• Translation. I know French well enough to get around. There were a few moments when a friend looked something up to resolve a subtle point, and once or twice I wasn’t sure what something on the menu was, but there was nothing I felt any burning desire to translate. This could be quite different for someone who didn’t know the local language.
  • Social Networking Apps. I had them at home but it was a pleasure not to be bothered by them when I was out and about. I’m interested in enduring friendships, not hookups, so I didn’t miss anything.
  • The Fork / La Fourchette. Several times in the first month I used this app to reserve a restaurant on the fly, and I have continued to use it from home. I earned 10 euros (count them!) at the end of May through the site and I’m close to another reward. Paris has so many good restaurants, however, that it’s falling down easy to find one wherever you are. I was sad not to be able to play this game away from the house but it was no big deal.
  • FlashInvaders. One of the biggest impacts was highly personal. For the last three years I have enjoyed adding to my collection of little (sometimes big!) street artworks by Space Invader. A photo has to be taken with the app on a location aware cell phone, however, so all I could do these past three weeks was to snap the location with my camera, with a view to going back later with my cell phone. There are, however, 1,407 artworks in Paris, of which I have snapped only 108. So my plan now is just to snap the ones I see while going somewhere interesting rather than forcing myself back to the ones I ran across during my cell phone hiatus.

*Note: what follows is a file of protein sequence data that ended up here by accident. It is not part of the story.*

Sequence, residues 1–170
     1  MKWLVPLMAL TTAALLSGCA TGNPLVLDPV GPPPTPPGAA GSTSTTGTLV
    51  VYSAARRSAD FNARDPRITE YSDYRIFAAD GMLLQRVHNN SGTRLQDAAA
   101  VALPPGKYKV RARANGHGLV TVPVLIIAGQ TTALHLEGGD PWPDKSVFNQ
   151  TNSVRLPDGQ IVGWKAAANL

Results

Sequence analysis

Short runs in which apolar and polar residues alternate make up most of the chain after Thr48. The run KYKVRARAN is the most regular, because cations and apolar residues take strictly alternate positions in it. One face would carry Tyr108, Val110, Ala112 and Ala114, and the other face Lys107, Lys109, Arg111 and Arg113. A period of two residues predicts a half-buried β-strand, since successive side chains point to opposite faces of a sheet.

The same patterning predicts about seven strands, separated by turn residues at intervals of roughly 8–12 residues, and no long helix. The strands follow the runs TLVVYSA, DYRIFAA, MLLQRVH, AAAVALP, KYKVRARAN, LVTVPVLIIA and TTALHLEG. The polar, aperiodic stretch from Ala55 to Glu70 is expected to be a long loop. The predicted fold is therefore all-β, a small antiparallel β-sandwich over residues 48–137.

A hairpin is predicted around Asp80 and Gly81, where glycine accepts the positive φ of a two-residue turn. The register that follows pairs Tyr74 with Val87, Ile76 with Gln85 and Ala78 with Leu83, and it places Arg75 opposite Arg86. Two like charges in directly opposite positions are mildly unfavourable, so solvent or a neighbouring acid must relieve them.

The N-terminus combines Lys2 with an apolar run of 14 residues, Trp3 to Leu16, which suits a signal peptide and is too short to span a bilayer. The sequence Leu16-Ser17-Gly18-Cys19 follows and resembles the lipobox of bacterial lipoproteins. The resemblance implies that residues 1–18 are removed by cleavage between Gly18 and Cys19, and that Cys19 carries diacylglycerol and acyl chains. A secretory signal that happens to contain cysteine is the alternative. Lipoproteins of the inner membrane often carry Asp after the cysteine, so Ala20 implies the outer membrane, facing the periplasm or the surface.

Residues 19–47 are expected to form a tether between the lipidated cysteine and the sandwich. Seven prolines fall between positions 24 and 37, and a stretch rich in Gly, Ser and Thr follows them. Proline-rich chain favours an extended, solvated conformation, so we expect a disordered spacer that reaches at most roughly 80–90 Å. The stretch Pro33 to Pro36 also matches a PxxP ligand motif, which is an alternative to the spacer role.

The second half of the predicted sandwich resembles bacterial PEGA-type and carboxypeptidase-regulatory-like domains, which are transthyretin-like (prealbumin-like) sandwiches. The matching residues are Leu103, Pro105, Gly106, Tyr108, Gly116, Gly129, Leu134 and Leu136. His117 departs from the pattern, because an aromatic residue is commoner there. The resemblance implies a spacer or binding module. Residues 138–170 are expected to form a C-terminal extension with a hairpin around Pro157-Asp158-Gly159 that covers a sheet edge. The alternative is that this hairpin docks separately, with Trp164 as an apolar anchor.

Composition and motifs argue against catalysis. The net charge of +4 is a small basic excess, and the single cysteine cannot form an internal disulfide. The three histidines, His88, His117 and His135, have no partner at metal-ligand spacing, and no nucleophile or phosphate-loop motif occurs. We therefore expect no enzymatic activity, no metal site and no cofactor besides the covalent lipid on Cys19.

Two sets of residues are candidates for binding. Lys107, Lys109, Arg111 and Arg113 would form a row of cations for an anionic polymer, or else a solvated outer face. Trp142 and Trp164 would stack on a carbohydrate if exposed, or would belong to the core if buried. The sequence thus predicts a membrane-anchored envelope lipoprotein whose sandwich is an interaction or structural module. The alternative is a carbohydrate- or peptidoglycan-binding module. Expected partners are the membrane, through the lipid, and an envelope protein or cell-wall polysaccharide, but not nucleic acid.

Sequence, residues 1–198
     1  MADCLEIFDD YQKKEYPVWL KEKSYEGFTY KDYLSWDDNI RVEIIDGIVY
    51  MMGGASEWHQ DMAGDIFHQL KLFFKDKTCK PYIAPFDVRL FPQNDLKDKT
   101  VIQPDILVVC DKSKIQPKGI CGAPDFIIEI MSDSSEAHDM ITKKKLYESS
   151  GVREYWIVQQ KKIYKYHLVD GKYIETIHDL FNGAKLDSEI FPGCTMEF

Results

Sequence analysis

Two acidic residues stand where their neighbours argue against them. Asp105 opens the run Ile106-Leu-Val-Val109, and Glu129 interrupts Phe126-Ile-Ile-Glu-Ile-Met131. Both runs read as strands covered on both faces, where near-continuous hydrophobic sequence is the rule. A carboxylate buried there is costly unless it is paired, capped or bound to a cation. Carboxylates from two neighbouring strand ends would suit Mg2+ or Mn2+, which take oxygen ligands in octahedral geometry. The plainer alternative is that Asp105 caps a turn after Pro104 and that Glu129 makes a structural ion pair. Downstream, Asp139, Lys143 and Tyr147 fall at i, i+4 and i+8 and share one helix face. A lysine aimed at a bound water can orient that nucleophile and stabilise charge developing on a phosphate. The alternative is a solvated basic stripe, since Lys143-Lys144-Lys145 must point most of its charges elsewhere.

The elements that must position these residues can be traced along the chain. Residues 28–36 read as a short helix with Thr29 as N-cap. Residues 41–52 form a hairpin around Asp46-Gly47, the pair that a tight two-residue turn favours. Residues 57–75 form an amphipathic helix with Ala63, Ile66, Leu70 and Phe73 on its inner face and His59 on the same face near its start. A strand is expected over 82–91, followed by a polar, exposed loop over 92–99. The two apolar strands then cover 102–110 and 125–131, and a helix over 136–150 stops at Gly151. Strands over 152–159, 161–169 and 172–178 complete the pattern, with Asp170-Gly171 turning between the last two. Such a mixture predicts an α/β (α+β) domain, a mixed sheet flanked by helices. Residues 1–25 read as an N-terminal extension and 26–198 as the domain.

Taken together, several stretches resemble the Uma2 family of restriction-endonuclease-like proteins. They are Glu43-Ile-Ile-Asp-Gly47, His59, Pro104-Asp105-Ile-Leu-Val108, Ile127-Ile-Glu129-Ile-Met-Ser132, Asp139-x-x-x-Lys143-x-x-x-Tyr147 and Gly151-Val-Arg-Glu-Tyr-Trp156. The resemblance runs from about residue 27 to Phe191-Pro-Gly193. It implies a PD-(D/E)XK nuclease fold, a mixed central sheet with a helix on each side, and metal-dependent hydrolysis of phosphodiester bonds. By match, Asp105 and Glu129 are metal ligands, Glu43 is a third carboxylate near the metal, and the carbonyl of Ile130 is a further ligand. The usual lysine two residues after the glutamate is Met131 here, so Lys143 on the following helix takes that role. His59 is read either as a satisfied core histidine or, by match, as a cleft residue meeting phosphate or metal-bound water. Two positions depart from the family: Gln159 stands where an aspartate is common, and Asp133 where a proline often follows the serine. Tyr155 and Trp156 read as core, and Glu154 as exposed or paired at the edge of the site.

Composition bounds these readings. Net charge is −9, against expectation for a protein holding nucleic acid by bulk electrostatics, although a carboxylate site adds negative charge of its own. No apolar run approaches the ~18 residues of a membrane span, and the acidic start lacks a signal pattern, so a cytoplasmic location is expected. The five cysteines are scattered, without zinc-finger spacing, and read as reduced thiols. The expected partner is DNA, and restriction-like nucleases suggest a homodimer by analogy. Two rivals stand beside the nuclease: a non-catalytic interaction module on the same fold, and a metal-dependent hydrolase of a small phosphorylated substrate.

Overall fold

• Pokemon Go. For 18 months I was addicted (instead?) to Pokemon Go, but fortunately I have been clean and sober for more than a year so the inability to chase those imaginary pocket monsters wasn’t an issue.

The theft of the cell phone also gave rise to many practical issues, mostly concerning second factor authentication. Fortunately I had anticipated and provided for many of these issues so recovery in this area was almost seamless. I’ll post separately about this, however, since it’s really quite different from the day to day lack of a mobile phone.